I wish I could speak more foreign languages. Everyone I’ve met so far has at least adequate English, whereas I only have adequate French as well as English, and a smattering of words in other languages. Hopefully I’ll pick up some more on this tour.

Needless to say it was great to meet a fellow tourer, my first since reaching mainland Europe, and I hope to bump into Fredy and Dimitri on the road somewhere in the future; he has some great plans, and Astrid is very supportive in driving him all the way up here. The chance meeting gave me the boost I needed, and I retired to my tent after a lovely evening, falling asleep quickly after a last cup of peppermint tea.

Tune in next time to hear about my encounter with a varmint – remember that furry rodent face I thought I saw…

Does anyone want to see my ride statistics/map? I can post links to them on the Garmin website if so, I just keep forgetting.

Also, I’m in Gallivare now, and still 100km in the Arctic Circle, should make it out tomorrow. Need to tot up my total km too.

08 and 09 May – the Arctic Tundra

I forgot to include a few pics from Nordkapp on my last post, of the round carvings at the cape designed by children from several nationalities who gathered there to have them erected in the name of peace. They’re quite striking, although I did get slightly soggy feet getting to them.

Back to more current affairs. I slept solidly for about 10 hours in Olderfjord, a pretty solid rest after the hard cycle down from Honningsvag, and awoke to a brilliant view and sunny day.

Oldefjord - nice view to wake up to

Oldefjord – nice view to wake up to

After breakfast I packed up, paid up, and pedalled off, but not before pausing to gaze across the Norwegian ‘Ocean’, a beautiful vista. Today would be the last day I rode alongside it, as I head further South and inland towards Finland and Sweden.

Packed and ready to pedal to Lakselv

Packed and ready to pedal to Lakselv

Here’s another shot from the same place as Lobster couldn’t decide on the angle.

Packed and ready to pedal to Lakselv 2

Packed and ready to pedal to Lakselv 2

I intended to stop in Lakselv for the night, some 65 km away, and the day looked promising with the sun shining and the temperature going up. Unfortunately the wind that made yesterday difficult was back today, albeit not as strongly which came as a relief.

Coastline alongside E09

Coastline alongside E09

Ride down from Olderfjord pretty spectacular

Ride down from Olderfjord pretty spectacular

The ride down the E09 was pretty spectacular, with more trees gradually appearing, a few reindeer herds, and at one point a couple of moose in a paddock; I don’t think they were wild but could be wrong.

The long and winding E09

The long and winding E09

Handlebar view - not much room for anything else

Handlebar view – not much room for anything else

Two moose regarding me with suspicion

Two moose regarding me with suspicion

As well as the moose, more cars (not just Volvos!) were starting to appear, and more frequent signs of human habitation, not quite towns yet but getting there. I even passed a couple of the people on bicycles, not tourers but they gave a friendly wave which always makes you smile and gives a boost.

Nature reserve 1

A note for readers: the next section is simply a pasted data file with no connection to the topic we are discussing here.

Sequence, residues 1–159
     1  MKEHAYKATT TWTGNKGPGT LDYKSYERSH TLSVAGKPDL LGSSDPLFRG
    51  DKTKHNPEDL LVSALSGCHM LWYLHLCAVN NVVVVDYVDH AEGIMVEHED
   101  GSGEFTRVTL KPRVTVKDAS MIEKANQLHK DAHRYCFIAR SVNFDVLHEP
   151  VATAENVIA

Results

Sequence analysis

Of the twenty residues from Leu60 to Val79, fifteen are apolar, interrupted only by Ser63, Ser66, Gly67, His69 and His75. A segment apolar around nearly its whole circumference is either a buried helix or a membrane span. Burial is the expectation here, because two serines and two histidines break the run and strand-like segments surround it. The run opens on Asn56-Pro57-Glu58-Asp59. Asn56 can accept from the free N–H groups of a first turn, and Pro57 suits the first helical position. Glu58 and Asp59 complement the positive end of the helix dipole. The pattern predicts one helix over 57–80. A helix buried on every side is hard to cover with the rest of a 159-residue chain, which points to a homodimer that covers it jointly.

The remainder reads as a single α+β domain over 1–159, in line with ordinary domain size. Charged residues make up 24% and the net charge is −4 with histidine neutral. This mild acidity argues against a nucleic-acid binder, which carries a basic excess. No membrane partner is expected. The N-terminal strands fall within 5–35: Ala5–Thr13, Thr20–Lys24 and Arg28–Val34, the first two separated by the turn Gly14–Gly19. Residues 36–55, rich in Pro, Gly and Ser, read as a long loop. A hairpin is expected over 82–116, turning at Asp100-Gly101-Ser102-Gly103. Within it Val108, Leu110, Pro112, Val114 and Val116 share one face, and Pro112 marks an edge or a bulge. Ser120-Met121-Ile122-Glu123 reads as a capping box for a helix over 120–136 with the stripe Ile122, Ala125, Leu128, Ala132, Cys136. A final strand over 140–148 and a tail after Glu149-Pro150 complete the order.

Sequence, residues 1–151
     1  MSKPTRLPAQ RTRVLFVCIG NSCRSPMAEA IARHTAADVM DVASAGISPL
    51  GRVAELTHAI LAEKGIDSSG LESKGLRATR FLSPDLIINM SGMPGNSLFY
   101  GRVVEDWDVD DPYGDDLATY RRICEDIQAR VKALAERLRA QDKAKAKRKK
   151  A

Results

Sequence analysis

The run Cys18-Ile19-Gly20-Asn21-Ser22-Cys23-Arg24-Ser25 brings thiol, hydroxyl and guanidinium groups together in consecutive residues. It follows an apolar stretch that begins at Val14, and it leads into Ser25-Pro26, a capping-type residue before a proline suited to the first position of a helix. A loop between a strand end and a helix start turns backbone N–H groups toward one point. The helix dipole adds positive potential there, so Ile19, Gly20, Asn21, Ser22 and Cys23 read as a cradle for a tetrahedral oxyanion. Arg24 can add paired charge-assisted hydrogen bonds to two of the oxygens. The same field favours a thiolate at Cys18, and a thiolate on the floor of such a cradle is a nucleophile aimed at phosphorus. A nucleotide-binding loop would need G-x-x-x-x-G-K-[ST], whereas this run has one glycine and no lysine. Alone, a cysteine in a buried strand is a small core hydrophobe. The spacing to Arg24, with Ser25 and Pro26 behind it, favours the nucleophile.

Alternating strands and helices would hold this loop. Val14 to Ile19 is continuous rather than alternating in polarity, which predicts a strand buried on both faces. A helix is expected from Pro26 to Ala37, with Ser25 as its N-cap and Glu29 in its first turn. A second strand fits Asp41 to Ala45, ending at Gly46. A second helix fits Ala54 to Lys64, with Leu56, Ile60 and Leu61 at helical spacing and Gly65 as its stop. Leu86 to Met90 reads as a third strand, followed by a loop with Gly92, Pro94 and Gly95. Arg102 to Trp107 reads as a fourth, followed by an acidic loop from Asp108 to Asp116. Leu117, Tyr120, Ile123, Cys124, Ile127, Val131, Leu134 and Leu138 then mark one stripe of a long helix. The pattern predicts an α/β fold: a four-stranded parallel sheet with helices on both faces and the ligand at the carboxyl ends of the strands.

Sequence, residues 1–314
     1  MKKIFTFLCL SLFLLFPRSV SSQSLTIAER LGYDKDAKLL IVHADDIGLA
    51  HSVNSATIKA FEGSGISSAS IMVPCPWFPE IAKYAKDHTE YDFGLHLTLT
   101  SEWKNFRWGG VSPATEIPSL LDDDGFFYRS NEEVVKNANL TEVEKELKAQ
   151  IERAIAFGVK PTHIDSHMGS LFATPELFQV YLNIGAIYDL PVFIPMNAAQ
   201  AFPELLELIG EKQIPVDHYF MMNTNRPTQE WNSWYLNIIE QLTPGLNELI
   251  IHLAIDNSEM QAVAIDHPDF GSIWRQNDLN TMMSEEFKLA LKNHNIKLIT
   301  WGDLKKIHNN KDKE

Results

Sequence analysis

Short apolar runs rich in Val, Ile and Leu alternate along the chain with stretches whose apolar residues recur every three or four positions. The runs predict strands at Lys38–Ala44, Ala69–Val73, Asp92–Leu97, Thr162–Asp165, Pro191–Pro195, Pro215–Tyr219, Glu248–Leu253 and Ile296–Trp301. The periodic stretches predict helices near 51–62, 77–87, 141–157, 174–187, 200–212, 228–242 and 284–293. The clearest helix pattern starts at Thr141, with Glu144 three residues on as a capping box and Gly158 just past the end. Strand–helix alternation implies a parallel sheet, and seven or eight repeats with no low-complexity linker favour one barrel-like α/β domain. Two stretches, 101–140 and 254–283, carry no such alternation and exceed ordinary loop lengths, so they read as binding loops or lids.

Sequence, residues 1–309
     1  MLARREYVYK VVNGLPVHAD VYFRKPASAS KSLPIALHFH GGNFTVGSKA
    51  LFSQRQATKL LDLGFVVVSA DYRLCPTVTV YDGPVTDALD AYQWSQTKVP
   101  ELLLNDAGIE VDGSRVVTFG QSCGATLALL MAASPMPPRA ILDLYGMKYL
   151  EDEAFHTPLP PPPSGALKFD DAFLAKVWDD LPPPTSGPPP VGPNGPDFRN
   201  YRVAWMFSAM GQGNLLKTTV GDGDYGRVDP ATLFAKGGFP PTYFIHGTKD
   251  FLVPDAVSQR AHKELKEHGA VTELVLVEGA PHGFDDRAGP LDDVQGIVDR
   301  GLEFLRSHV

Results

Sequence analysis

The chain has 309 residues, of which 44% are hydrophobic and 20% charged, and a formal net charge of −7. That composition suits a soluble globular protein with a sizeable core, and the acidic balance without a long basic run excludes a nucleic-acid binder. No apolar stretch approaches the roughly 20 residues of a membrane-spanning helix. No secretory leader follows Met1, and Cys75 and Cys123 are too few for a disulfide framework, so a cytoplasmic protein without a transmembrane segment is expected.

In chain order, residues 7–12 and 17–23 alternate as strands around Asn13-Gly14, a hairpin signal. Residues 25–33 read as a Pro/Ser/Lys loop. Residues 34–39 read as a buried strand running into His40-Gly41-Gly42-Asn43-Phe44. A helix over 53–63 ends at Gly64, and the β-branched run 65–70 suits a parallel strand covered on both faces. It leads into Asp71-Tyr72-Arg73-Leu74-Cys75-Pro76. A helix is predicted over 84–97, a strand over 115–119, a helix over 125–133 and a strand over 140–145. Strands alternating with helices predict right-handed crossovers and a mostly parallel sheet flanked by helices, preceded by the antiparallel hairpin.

Nature reserve 1

The Arctic tundra was still very much in evidence, however I did pass through a nature reserve where the river forms a delta into the sea, where much bird life was in evidence; mostly wildfowl but also a few buzzards soaring about.

Lakselv delta nature reserve

Lakselv delta nature reserve

Have I mentioned how handy it is to have a bike stand on this tour? I wouldn’t leave home without one now, so much easier!

How handy is a bike stand?!

How handy is a bike stand?!

The terrain was mostly gently undulating, with the occasional bigger hill. All easily manageable; my legs must be getting stronger. I passed a pen full of Huskies basking in the sunshine, they gathered to have a look at me but didn’t enter into a barking fit which was a pleasant change as far as dogs are concerned. Despite the headwind I made good time to Lakselv, amazingly being spotted by my stalkers from home on the town webcam as I rode in.

I resupplied at the Remo supermarket in Lakselv, and then decided to carry on to a campsite a bit further on, my legs still feeling pretty fresh. I had a small escort of kids on bikes as I left the town; I don’t think they’d seen a bike with so much luggage on before.

The next campsite was only 10km down the road, but it proved to be closed which was a little frustrating after diverting up a track for a few kilometres to find it. Still, it was a nice off road detour, and I passed a several butterflies flitting about, struggling against the wind slightly, as well as emerging wildflowers; it must be springtime! It definitely felt warmer, perhaps around 11 degrees centigrade, with a few cold patches when the sun went in.

Still feeling fit I decided not to go back to Lakselv, but to pedal on to Skoganvarre where the ACSI app reliably informed me there was definitely an open campsite. I rode on for another 20 kilometres, passing through a restricted army zone where no photos are allowed; a shame as some wonderful frozen lakes and pine forested mountains. I nodded to the bored guard on gate duty as I passed a barracks, he nodded back, smiling, clearly amused at the stupid cyclist slogging through the hills at this time of year.

I arrived at the campsite at about 17.30, having covered 95km which I’m pretty pleased with after 97km the day before. Thankfully the campsite was indeed open, and I was able to pitch my tent close to another frozen lake where people go fishing on the ice in winter.

Skoganvarre campsite - frozen lake thawing

Skoganvarre campsite – frozen lake thawing